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General Fusion is a small company trying to solve a big problem. Our team of 65 (physicists, engineers and technologists) is working on proving that our approach to fusion is the quickest and most practical. We’ve got quite a few talented, smart people here, but we know that there are many talented, smart people elsewhere.

Right now you can’t go two days without reading about the low price of oil, oversupply, the economic implications, and forecasts for the future.  With our large oil and gas sector, this is particularly true in Canada, and there have been plenty of “what does it mean for fusion?” questions coming our way. The answer becomes obvious if you think broadly about our current energy system.  Let’s look at a few factors:

It’s been interesting to observe and, to some degree, be involved in the media coverage that accompanied Lockheed Martin’s announcement revealing their Skunk Works Compact Fusion Reactor program. What a way to close out 2014! In the wake of the Lockheed announcement, fusion has been featured in Aviation Week, New Scientist, The Guardian, Wired, Popular Mechanics, Physics Today, Forbes, Science, the Washington Post, NBCNews, The Economist, Foreign Policy, etc.  The intensity of the Lockheed coverage – and to a smaller extent the announcement by Prof. Tom Jarboe and his team at the University of Washington the week before – has probably surprised everyone in the field.  The fusion community is used to toiling earnestly in the lab without much in the way of public profile.

The following was written by Terry Dee, Director /Design & Experience at Rival Schools. He posted it to his personal blog at tdee.ca. TED was an exciting event for our whole company and the partners we worked with, and many people inside and outside contributed. Terry did nice job capturing the essence of what went on behind the scenes, and has kindly given permission for us to repost it here. Hope you enjoy it.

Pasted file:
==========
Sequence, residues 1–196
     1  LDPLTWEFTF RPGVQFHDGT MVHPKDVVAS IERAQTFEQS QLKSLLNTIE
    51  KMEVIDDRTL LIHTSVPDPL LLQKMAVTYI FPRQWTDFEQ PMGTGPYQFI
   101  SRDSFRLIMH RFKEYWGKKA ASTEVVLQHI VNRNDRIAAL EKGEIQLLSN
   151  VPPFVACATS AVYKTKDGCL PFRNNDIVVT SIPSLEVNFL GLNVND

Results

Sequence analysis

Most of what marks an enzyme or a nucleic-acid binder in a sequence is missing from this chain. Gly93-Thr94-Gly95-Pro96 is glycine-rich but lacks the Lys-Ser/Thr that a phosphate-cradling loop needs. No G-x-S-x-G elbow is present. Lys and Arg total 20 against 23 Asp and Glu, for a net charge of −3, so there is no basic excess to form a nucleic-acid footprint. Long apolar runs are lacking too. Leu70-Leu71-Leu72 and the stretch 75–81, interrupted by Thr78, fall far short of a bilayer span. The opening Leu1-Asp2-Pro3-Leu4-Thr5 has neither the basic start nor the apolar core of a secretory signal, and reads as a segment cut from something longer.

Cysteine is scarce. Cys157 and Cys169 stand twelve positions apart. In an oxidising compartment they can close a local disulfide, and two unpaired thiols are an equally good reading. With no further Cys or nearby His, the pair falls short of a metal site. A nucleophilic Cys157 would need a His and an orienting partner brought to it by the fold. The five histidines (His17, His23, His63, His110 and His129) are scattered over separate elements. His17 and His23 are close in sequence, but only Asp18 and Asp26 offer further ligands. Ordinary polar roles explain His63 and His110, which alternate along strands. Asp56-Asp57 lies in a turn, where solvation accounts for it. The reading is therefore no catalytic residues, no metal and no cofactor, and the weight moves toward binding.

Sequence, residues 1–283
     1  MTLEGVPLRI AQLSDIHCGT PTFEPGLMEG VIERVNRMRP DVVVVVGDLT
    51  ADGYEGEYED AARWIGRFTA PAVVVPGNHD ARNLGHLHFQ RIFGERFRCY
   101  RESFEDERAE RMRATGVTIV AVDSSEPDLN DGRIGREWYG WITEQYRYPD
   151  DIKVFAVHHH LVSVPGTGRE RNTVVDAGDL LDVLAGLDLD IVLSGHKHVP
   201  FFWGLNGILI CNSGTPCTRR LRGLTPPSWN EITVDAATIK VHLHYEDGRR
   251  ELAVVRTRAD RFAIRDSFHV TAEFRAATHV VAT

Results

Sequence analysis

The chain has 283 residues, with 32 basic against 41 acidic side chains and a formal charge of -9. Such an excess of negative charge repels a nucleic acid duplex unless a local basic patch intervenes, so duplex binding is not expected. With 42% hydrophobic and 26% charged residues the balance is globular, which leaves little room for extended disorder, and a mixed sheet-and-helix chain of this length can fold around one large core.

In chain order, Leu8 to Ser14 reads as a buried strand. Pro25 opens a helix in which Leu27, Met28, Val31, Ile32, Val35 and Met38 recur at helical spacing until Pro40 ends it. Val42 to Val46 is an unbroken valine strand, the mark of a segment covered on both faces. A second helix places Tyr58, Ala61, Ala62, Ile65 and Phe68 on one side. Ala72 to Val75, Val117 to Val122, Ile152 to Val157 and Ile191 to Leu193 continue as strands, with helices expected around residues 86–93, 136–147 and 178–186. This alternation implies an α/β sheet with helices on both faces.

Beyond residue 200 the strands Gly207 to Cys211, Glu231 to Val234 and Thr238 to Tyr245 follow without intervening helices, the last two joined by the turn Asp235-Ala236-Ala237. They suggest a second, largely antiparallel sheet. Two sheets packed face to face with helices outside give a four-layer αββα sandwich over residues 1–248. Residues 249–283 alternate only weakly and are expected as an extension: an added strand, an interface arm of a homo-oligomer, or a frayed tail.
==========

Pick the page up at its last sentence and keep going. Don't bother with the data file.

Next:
Michel Laberge founded General Fusion in 2002, and by 2003 he had raised some funds to begin building his first magnetized target fusion experiment in lab space at the University of British Columbia. In 2005, seeking a shorter commute, and always looking to focus his investor dollars where they count (in the technology), he found an inexpensive spot: an old car garage on Bowen Island, not far from Vancouver and just up the hill from the ferry dock.  We thought we'd share a few photos from those early days...  very different than the busy lab at General Fusion today!

Last week, The Vancouver Sun ran a story from The Edmonton Journal about progress in the field of fusion energy and asked whether Canada “could be left in the dust in terms of research.”

While Canada has not had a national fusion program since the 1990s, there is an internationally recognized fusion effort right here in Metro Vancouver: General Fusion. And by far the largest concentration of fusion research and development in this country is also right here, at General Fusion’s Burnaby headquarters. With the progress the company is making and activity building around the world, the time is right to look at the opportunity for Canada in fusion energy.